I am in the process of porting a code I wrote in IDL (interactive data language) to python but am running into a bit of a problem that I am hoping someone can help me with.
The code goes like this:
take individual classified Landsat geotiffs (say there are N individual 1-band files per scene, each representing a different day) and further reduce these images to three binary-themed 1-band images (water and not water, land and not land, water/land and not water/land). This will be done by reading the rasters as matrices and replacing values. ** I don't actually need to have these images, so I can save them as memory or just keep them as numpy ndarrays to move to the next step
stack these images/arrays to produce 3 different (1 for each 'element') N-band stacks (or a 3-dimensional array-- (samples, lines, N)) for each scene
- total the stacks to get a total number of water/land/water&land observations per pixel (produces one 1-band total image for each scene)
- other stuff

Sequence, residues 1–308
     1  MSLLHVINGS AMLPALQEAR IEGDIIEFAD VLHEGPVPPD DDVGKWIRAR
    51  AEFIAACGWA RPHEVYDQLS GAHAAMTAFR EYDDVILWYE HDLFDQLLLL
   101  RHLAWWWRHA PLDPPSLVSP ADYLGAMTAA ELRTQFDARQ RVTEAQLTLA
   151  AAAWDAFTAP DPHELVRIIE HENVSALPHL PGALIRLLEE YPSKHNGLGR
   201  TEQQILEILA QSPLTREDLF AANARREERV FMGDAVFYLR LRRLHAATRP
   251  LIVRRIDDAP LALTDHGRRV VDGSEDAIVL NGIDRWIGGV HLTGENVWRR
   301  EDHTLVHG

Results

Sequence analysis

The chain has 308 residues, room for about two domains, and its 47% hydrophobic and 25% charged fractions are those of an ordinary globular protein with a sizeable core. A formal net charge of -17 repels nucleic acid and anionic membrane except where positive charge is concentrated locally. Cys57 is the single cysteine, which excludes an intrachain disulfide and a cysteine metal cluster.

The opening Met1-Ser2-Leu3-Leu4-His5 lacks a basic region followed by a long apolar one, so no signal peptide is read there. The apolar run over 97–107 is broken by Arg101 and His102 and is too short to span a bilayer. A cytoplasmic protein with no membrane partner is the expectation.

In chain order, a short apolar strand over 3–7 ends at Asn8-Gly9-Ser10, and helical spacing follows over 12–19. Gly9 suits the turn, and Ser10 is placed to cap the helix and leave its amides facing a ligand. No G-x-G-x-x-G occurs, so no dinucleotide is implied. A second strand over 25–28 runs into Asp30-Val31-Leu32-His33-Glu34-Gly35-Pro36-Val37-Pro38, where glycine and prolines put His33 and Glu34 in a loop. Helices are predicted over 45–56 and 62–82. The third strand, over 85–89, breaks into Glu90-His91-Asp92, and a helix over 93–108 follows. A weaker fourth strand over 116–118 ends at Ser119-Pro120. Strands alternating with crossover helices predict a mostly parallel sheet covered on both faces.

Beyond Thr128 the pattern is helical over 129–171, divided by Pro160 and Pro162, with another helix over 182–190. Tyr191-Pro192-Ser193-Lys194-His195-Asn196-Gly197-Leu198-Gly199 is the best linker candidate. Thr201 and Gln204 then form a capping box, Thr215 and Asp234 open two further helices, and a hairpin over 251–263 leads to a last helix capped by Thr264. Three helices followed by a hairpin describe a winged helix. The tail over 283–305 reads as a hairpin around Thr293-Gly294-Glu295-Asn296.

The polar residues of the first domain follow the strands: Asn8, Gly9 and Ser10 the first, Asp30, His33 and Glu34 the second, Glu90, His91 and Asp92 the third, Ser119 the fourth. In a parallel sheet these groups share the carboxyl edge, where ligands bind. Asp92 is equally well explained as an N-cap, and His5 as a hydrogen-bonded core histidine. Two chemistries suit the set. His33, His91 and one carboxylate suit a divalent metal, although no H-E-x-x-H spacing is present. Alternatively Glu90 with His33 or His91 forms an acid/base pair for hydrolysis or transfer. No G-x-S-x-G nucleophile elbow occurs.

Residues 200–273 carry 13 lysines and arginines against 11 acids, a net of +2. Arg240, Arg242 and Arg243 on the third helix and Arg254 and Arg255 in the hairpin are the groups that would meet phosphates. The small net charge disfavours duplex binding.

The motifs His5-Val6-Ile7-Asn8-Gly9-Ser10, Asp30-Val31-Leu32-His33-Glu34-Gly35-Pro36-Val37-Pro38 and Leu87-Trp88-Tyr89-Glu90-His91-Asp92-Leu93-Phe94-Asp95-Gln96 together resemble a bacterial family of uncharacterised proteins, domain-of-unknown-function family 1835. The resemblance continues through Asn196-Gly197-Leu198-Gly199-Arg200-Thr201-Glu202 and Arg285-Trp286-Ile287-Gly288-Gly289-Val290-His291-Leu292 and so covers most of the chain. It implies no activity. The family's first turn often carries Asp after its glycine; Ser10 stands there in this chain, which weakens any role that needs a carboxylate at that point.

The problem I am running into is when I get to the stacking, as the individual images for each scene vary in size, although they mostly overlap with each other. I originally used an ENVI layer-stacking routine that takes the N different-sized 1-band images for each scene and stacks them into an N-band image with an extent that encompasses all of the images' extents, and then reading the resulting rasters in as 3-d arrays to do the totals. I would like to do something similar with gdal/python but am not sure how to go about doing so. I was thinking I would implement gdal capabilities of geotiffs by using the geotransform info of the images to somehow find the inclusive extent, possibly padding the edges of the images with 0's so they are all the same size, stacking these images/3-d arrays so that they are correctly aligned, then computing the totals. Hopefully there is something more direct in gdal (or in any other open source package for python), as I'm not sure how I would pull that off.
Does anyone have any suggestions or ideas as to what would be the most efficient way (or any way really), to do what I need to do? I'm open to anything.
Thanks so much, Maggie